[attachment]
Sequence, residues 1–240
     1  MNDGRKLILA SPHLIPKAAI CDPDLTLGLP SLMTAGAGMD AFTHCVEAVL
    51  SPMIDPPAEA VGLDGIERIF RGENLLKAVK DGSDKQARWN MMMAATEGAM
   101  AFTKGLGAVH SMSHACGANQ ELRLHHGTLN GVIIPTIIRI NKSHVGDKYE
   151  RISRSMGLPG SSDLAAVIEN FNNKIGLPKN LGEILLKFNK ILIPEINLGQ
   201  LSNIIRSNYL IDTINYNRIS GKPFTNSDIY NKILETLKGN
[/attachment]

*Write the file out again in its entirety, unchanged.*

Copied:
Sequence, residues 1–240
     1  MNDGRKLILA SPHLIPKAAI CDPDLTLGLP SLMTAGAGMD AFTHCVEAVL
    51  SPMIDPPAEA VGLDGIERIF RGENLLKAVK DGSDKQARWN MMMAATEGAM
   101  AFTKGLGAVH SMSHACGANQ ELRLHHGTLN GVIIPTIIRI NKSHVGDKYE
   151  RISRSMGLPG SSDLAAVIEN FNNKIGLPKN LGEILLKFNK ILIPEINLGQ
   201  LSNIIRSNYL IDTINYNRIS GKPFTNSDIY NKILETLKGN